“I knew her as a teacher,” Hinton-Jackson said. “She was at Carver in ‘65. That was my 10th-grade year. I never had classes with her, however. I also was familiar with her because my mother was a school teacher in Orange County and they were colleagues. The African American teachers were all a group that did things together and knew each other from the segregated school days and on into the integrated system.”
On the other hand, Johnson had an admiration for Coleman as a leader in the Town of Orange.
“In those days a school teacher was a prominent person in the community,” Johnson said. “She brought to bear all of her mathematic and educational background. What made her different was her ability to cross cultural and racial lines and still stick to the message at hand, which was teaching.”
In 1967, Coleman was interviewed by the Review about her ideas regarding educating local students and preparing them for their careers.
“She talked about the benefit of having a viable workforce, that has been trained and educated properly, so the students don’t leave their community and go somewhere else,” Johnson said.
Two years after the interview was published, Coleman was appointed to the Orange Town Planning Commission. She also was elected to the Orange Town Council and later served on the Orange County School Board.
According to Miller, the theme of learning to find one’s voice as a woman and minority, is woven throughout the stories in the “When Women Use Their Power” exhibit.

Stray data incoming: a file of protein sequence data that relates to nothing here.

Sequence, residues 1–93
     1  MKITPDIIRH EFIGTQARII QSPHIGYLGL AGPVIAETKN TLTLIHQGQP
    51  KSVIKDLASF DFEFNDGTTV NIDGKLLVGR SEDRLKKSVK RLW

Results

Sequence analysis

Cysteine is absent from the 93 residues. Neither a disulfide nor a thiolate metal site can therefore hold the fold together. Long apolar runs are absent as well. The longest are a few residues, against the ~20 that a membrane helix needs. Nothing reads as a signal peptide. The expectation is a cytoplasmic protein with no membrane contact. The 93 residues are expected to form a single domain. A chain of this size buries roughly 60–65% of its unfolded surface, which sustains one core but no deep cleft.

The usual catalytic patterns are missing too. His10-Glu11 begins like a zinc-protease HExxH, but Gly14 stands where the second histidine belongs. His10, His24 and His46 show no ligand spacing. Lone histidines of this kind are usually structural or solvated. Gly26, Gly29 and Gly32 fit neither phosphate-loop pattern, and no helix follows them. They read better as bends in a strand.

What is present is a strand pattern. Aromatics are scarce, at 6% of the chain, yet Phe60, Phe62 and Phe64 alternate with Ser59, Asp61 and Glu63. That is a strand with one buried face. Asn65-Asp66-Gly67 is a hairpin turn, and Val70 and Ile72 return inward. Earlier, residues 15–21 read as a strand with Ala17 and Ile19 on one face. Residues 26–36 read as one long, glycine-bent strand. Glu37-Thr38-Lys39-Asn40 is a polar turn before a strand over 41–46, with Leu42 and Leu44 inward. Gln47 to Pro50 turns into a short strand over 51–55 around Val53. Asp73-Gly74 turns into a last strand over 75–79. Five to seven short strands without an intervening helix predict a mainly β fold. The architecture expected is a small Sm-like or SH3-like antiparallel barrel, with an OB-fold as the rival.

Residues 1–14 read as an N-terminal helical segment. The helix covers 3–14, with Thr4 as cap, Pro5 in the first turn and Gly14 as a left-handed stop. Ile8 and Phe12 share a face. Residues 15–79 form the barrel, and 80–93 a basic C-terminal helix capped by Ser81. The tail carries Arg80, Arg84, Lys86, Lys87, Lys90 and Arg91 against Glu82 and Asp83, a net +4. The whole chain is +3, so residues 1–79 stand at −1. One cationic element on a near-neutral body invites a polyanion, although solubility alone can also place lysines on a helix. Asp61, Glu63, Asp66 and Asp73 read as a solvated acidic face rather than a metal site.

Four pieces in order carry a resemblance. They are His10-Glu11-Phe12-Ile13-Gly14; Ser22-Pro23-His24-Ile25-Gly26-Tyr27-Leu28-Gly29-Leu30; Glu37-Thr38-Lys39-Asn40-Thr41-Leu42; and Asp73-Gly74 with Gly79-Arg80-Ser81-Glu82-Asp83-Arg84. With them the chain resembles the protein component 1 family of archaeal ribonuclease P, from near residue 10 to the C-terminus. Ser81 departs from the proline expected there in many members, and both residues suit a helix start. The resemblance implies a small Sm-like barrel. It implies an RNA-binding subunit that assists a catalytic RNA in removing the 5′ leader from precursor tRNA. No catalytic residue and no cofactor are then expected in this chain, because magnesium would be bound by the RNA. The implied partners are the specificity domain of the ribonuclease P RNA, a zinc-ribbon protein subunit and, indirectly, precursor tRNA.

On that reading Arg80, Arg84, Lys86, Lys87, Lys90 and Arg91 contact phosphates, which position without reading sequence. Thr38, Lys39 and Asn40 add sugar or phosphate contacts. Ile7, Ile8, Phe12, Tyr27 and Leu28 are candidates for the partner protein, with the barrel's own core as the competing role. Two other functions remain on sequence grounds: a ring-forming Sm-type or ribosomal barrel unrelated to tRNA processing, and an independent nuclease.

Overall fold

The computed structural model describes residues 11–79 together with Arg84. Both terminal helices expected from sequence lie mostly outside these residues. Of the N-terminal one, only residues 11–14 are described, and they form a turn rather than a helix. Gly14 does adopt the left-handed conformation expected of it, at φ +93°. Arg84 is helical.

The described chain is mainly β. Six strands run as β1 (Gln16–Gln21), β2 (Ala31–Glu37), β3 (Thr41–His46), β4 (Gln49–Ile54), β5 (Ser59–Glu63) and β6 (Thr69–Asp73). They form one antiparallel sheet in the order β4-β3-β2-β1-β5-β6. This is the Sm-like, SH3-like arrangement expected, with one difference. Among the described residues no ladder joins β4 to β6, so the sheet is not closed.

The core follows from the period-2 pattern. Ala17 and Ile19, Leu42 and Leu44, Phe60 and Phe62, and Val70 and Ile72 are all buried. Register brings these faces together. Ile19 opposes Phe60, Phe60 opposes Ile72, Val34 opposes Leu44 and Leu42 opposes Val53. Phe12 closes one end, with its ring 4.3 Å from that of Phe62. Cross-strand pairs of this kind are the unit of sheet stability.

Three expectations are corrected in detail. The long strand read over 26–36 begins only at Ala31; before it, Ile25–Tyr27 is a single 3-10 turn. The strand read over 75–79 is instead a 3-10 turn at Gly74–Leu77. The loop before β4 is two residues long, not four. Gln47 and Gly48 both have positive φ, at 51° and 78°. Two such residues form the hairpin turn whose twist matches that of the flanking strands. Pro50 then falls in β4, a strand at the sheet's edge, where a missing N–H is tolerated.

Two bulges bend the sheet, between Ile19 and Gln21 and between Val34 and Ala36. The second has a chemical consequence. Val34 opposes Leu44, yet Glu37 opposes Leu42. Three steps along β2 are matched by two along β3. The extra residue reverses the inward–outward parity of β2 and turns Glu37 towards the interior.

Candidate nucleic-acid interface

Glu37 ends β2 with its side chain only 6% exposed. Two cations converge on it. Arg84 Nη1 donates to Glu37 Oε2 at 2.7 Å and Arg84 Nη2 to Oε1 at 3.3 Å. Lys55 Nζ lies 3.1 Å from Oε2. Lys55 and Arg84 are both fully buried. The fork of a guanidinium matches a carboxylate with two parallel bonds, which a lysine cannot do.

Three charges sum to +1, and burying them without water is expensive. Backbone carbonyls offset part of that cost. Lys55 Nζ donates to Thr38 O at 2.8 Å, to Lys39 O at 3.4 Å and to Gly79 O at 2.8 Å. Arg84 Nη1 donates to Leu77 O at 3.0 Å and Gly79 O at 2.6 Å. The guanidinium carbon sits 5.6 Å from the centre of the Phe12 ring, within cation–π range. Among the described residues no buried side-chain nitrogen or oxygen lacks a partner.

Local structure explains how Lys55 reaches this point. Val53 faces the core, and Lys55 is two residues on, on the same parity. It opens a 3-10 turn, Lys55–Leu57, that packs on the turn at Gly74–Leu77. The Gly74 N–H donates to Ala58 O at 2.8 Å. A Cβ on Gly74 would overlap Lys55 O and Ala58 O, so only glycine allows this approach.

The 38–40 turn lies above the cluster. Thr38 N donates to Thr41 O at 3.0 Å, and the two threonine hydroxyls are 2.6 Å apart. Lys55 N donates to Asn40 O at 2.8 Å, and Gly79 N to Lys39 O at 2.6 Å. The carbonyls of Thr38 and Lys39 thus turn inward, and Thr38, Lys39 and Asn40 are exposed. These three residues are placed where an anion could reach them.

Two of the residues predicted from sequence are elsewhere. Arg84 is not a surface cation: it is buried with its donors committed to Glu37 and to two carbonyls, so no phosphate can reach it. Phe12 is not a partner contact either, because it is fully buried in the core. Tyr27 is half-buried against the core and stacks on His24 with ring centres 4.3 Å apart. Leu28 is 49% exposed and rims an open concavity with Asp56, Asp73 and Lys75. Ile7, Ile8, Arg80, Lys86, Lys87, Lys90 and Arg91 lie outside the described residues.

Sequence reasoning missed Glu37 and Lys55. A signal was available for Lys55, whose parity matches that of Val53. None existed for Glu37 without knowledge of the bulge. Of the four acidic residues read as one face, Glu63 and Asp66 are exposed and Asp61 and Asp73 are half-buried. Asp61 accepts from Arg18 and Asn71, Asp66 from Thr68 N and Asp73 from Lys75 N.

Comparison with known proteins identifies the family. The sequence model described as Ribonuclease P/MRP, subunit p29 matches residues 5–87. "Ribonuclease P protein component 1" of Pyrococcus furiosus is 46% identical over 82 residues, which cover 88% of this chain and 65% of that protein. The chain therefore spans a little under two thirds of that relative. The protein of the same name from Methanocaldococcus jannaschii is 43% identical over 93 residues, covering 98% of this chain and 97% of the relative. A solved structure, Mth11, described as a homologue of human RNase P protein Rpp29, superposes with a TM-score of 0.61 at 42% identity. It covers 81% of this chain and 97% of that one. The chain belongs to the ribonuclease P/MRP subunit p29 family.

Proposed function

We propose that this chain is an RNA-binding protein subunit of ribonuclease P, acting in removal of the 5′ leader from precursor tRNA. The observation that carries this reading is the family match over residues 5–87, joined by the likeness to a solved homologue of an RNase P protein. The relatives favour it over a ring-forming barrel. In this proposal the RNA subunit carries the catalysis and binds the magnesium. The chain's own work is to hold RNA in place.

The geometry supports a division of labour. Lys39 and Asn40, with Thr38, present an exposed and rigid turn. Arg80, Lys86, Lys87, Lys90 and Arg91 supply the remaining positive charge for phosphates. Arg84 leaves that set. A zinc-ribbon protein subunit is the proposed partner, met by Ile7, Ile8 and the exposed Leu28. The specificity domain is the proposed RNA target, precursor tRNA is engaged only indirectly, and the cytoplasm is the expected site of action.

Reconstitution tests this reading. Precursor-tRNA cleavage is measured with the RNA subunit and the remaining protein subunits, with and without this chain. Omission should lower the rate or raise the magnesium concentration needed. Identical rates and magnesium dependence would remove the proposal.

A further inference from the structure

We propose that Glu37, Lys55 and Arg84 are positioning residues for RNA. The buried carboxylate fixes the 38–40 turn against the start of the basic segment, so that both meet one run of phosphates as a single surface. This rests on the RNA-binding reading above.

“It does not matter your educational background or your class status,” she said. “What does matter, however, and this is consistent across all of the 10 women we will feature, is that they have failed. They recognized the failure, made a decision to change course and are self-determined. At some point they were afraid of something and they overcame that fear. When they did, they were able to be open to someone helping them. Whether it was a mentor, relative, or someone who was visible or invisible to the public, they all had help. A figure who was honest with them and helped them find their footing.”
Miller hopes that not only will the virtual exhibit be a success, but that it will be a catalyst to get the museum and GWCRHSAA to branch out even more.
“We would love to travel with our exhibits throughout our targeted counties first and then as the committee has a chance to evaluate how that works, we may decide to do it in other locations as well,” Miller said. “I’d love to do some touring in Richmond. I really would.”
Of the four counties, Orange has the most women featured in the exhibit, with four. They are Murcelle Allen Coleman, Mary E. Dade, Rebecca G. Coleman and Edna R. Lewis. Although, the museum staff has yet to announce which months will focus on the other three women, they will be updating the public regularly throughout the year as each new exhibit is launched. According to a press release, the woman featured in April’s exhibit will be announced on March 2.
Others from the four-county area to be featured include: Angela J. Chapman, Marlene G. Ware, Minnie H. Butler, Lillian F. Aylor, Audrey A. Avery and Ruby H. Beck.
“Everybody has a story,” Hinton-Jackson said. “That’s the urgency here. It’s about piquing folks’ interest in the stories that have not been told.”
For more information and to view the first installment of “When Women Use Their Power” visit www.carver4cm.org.